Sunday, September 26, 2010

Mitch McCabe's MAKE ME YOUNG explores our growing penchant for plastic surgery

Is it remotely possible to have a "balanced" look at the anti-aging industry (plastic surgery, injectables, laser treatments, wrinkle creams, hair transplants -- and the people who push them)? On the basis of MAKE ME YOUNG, the recent documentary, just out on DVD via Cinema Libre Studio (it made its debut via HBO), the answer is, "Sure" -- but you'll have think for yourself, disagree with many of the participants, and maybe even surprise yourself by going somewhat against your own better judgment as you watch this alternately fascinating, flabbergasting and exasperating little film. Does it reflect America today and our preoccupation with youth-at-any-cost?  Absolutely.

In it, director/producer/editor/co-writer Mitch McCabe, shown at left, herself a daughter of a plastic surgeon (albeit one who came to that professions by first helping victims of war, accident and sickness), opens up about her own obsession with aging and where this might have come from ("My obsession was my dad's profession"). She then travels the country -- meeting, interviewing and making friends with various doctors and their patients, and talking with "experts" on this subject.  These include the professionals, of course, but also editors of fashion magazines, a "Creative Director" of a upscale clothing store, a self-styled consumer advocate and various hawkers of skin creams. You will have take their words with the proverbial grain-of-salt, but together they paint a picture of a society willing to forgo this month's rent in order to have the necessary Botox injections.

There are many ways to try to fool mother nature, and this movie covers a lot of them -- such as the boob job we see on one of the saddest of our interviewees, Texas-based Sherry (above), who has lots of work done in lots of area and claims to be happy as a clam. For all of her southern gush, however, she seems, as seen here, obsessed only with her desire for a better appearance. Another "victim" who's into fooling, in the bloodiest section of the movie, is Gary (below), getting a hair transplant.

Mitch then meets yet another daughter of a plastic surgeon, who is currently posing for skin magazines (Daddy didn't know during the filming, but he probably knows by now. Does he care?). We discover all sorts of anti-aging devices, like this little job (below) that looks like an electric shaver but, instead of hair, gets rid of wrinkles. Or so its propronents claim.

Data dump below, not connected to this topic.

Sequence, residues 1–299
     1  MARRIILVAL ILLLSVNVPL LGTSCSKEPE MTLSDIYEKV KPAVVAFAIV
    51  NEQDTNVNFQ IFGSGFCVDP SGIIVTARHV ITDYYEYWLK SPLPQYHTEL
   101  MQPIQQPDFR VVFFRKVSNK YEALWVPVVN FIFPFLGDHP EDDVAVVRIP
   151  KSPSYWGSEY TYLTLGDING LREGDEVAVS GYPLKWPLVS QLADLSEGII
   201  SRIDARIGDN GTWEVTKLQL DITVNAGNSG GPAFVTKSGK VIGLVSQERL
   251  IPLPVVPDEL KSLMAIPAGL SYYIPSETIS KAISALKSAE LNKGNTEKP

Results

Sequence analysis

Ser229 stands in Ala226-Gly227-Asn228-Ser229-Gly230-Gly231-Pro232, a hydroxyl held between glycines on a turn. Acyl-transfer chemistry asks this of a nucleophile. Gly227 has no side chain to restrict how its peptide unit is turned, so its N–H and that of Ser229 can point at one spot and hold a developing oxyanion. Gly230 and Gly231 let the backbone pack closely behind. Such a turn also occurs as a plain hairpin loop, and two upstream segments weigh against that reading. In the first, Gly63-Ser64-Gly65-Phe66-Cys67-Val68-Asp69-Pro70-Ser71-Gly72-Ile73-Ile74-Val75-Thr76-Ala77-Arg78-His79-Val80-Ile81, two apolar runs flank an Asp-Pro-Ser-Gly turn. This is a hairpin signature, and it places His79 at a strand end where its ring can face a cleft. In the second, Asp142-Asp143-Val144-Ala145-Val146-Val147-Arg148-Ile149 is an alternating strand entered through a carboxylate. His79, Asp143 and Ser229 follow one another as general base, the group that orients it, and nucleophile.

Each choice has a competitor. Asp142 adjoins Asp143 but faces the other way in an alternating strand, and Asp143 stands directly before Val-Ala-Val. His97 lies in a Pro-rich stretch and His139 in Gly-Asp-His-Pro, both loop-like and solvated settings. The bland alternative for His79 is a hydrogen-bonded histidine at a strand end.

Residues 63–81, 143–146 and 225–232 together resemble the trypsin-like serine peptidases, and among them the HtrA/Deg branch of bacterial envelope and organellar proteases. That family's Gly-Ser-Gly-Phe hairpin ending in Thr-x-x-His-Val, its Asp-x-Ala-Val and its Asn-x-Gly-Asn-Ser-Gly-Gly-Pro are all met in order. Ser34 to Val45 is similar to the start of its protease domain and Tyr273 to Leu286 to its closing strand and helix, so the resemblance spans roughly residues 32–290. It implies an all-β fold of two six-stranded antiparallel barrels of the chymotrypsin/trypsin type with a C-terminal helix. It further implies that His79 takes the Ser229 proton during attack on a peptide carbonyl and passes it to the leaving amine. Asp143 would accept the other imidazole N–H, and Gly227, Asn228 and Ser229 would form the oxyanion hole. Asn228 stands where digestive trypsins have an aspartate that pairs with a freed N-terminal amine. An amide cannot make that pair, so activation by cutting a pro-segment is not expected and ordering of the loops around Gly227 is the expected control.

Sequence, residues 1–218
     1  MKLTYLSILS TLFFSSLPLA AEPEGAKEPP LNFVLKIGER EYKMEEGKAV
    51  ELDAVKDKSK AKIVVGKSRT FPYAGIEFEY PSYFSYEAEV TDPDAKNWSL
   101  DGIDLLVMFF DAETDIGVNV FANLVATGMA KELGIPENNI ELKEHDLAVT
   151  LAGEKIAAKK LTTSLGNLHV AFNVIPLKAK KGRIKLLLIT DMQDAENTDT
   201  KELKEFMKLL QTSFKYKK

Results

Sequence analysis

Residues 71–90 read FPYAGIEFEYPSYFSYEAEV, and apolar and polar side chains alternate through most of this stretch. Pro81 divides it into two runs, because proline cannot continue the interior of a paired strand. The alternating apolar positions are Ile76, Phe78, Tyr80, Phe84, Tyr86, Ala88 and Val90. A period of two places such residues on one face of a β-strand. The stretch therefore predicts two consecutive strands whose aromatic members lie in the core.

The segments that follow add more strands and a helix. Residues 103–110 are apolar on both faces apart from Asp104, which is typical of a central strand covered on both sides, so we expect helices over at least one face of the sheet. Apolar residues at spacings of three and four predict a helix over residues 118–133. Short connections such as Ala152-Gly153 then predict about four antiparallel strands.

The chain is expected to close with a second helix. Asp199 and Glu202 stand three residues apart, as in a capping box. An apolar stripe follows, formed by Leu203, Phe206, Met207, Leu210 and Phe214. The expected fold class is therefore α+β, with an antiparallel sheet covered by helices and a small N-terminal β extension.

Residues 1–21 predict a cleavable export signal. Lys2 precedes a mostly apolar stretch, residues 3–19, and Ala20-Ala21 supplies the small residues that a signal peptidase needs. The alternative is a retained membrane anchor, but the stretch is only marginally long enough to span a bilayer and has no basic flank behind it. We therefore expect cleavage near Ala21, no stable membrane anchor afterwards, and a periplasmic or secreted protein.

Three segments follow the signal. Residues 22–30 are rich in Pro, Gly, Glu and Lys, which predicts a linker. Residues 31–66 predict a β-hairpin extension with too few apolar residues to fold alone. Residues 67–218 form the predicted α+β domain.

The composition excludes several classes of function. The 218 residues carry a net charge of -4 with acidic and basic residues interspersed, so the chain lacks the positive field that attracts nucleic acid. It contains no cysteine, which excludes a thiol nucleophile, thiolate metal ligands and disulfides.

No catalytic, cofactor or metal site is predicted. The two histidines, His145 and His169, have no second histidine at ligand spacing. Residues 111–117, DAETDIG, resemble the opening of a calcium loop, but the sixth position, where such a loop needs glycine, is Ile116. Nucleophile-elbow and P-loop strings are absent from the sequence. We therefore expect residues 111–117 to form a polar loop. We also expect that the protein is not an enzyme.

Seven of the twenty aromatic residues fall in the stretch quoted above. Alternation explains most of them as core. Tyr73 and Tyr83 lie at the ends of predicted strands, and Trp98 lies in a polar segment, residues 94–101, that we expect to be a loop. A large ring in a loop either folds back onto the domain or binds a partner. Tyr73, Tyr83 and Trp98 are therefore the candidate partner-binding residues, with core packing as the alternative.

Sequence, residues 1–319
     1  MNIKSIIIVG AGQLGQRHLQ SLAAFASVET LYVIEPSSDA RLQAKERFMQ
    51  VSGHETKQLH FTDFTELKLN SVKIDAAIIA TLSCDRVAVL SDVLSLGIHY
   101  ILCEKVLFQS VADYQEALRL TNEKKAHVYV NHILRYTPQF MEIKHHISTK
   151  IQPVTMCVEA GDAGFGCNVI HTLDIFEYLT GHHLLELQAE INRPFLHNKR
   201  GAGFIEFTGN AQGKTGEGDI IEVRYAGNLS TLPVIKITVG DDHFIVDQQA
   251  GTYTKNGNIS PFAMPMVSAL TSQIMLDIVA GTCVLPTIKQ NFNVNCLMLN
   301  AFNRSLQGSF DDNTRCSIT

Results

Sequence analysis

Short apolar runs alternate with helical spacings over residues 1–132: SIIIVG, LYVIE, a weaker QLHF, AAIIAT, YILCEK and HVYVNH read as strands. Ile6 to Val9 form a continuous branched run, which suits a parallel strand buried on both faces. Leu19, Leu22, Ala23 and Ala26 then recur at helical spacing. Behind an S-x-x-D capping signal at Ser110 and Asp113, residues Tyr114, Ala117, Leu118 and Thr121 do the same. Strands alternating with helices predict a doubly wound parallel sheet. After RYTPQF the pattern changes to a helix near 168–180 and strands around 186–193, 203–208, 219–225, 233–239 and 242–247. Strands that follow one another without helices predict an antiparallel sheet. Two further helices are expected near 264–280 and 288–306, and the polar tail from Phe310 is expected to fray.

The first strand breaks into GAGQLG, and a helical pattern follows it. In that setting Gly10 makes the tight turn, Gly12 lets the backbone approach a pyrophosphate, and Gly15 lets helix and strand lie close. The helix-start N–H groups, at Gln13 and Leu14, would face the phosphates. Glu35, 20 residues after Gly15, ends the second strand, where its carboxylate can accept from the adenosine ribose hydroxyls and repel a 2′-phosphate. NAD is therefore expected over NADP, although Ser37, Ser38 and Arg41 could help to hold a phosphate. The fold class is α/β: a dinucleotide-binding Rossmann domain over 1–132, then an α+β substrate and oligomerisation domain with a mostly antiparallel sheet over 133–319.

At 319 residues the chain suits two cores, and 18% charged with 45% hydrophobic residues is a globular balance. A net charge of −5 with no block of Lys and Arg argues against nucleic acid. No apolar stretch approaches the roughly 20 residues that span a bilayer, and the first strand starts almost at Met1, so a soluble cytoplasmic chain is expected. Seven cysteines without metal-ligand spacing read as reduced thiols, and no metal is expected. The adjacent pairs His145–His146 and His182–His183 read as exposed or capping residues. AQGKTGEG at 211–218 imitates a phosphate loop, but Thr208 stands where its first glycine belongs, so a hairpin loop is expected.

The movie is supremely anecdotal; we meet a few too many characters to get to know most very well. Yet this also gives us an a wider overview and lets us take home the movie's message, which is finally picked up and run with by the movie-maker herself: If all this makes you feel good, just give in and do it.  And so she surely does.  

The craziest, saddest moment in the film comes when a lovely blond woman (not Mitch's BFF, above, left) looks at her reflection in the mirror and declares, "It's just disgusting!"  At this point, the viewer may want to scream, "But you're beautiful! How crazy can you be?" The character who grounds the movie, however, is Dee, an early patient of Ms McCabe's dad, who was given new breasts after a double mastectomy. We see old footage of her at the time and then nearly 20 years later. Then and now, she seems the ideal plastic-surgery candidate: She actually needs it. Yet she remains imminently sane, funny, smart and real -- rather than someone clutching desperately to a fading youth. (That's a photo of the late Dr. McCabe, below, showing off a "boob" pillow sculpture that one of his patients had made for him.)

Offering up a sad statistic, McCabe alerts us to the fact that more and more of our new, young doctors are opting for this industry rather than becoming primary-care physicians.  The money is much better, of course, so why not? And since more and more of us seem to prefer the kind of medicine that caters to the needs of our exterior rather than our interior -- well, sure, come on in:
The doctor will see you now.

Make Me Young, which debuted on DVD last week, is available for sale now and -- eventually, we hope -- for rental.

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